By Published On: May 21, 2020

Maintaining Resiliency of Continental Waterbird Flyways

Waterbirds in the Intermountain West rely on a limited number of important wetland sites as they migrate hundreds of miles between breeding grounds in the north and wintering grounds in the south. This network of wetlands is vital for resting and refueling on these long journeys. What is more, these sites are also important centers of ecological diversity for both the migratory birds and other species of fish and wildlife.

In order to monitor changes in the resiliency of these networks, IWJV scientist Patrick Donnelly partnered with scientists from the University of Montana, the U.S. Geological Survey, and the U.S. Fish and Wildlife Service’s Migratory Bird Program to look at surface water changes over 35 years in 26 key waterbird landscapes in the Intermountain West.

The resulting science produced maps that will allow biologists and land managers to determine if individual wetlands are becoming drier, wetter, or have remained unchanged. These maps are available to partners for watersheds associated with key regional, international, and hemispherically import waterbird sites in the Pacific Flyway.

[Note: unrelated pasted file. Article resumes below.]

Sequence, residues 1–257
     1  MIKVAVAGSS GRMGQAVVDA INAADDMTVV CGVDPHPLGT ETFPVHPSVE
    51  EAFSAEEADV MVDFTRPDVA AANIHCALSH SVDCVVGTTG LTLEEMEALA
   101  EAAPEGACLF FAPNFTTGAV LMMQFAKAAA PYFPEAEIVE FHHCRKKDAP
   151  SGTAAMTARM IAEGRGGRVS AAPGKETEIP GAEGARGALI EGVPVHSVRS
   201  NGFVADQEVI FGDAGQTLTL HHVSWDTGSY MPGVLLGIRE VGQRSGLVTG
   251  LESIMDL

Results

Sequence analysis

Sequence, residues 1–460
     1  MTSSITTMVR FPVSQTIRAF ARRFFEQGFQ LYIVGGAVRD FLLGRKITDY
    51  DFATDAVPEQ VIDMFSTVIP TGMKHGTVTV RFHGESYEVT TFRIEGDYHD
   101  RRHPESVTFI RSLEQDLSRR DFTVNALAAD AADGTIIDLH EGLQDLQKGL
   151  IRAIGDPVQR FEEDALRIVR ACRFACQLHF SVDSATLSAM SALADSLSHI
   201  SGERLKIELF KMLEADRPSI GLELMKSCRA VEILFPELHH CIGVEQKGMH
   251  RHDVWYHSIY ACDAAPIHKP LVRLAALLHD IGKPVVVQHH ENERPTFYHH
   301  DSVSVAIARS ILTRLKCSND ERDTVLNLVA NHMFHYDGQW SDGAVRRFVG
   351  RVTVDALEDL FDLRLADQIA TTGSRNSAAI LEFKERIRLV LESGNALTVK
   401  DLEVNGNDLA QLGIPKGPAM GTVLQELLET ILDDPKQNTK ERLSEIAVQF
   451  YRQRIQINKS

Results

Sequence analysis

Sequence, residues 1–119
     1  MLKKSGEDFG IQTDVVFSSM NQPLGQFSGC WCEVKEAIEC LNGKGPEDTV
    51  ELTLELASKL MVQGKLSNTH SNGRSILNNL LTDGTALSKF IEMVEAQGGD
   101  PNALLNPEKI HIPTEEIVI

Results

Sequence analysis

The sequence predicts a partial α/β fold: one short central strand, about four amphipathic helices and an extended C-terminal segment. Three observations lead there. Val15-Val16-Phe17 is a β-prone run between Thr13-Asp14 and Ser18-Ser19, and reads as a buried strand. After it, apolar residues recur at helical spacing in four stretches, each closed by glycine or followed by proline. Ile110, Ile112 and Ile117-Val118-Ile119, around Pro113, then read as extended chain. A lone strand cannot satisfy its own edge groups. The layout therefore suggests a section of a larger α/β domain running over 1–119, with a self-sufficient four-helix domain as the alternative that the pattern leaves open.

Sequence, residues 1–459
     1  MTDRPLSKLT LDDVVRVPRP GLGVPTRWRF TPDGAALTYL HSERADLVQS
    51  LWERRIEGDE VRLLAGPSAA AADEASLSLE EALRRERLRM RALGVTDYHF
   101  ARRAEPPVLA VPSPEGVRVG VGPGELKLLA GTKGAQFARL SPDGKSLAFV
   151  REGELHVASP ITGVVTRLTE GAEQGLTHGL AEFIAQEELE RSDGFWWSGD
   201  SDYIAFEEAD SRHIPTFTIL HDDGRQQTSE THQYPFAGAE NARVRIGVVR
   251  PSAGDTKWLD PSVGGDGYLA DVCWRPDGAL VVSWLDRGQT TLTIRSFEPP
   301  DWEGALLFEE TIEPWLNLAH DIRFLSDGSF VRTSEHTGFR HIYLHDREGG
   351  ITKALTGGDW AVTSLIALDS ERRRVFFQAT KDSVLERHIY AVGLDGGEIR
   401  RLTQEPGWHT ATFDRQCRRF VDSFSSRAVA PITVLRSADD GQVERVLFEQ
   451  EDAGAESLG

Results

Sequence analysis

Currently, maps are available for:

  • Summer Lake Basin
  • Harney Basin
  • Lake Abert
  • Tule Lake Basin
  • Goose Lake
  • Warner Valley
  • Alkali Lakes
  • Eagle Lake
  • Honey Lake
  • Pyramid Lake
  • Carson Sink
  • Walker Lake
  • Mono Lake
  • Owens Lake
  • Humboldt Sink
  • Ruby Valley
  • Great Salt Lake
  • Sevier Lake
  • Willcox Playa

Maps are available for download here.

Donnelly, J.P., King, S.L., Silverman, N.L., Collins, D.P., Carrera-Gonzalez, E.M., Lafón‐Terrazas, A., Moore, J.N. (2020). Climate and human water use diminish wetland networks supporting continental waterbird migration. Global Change Biology.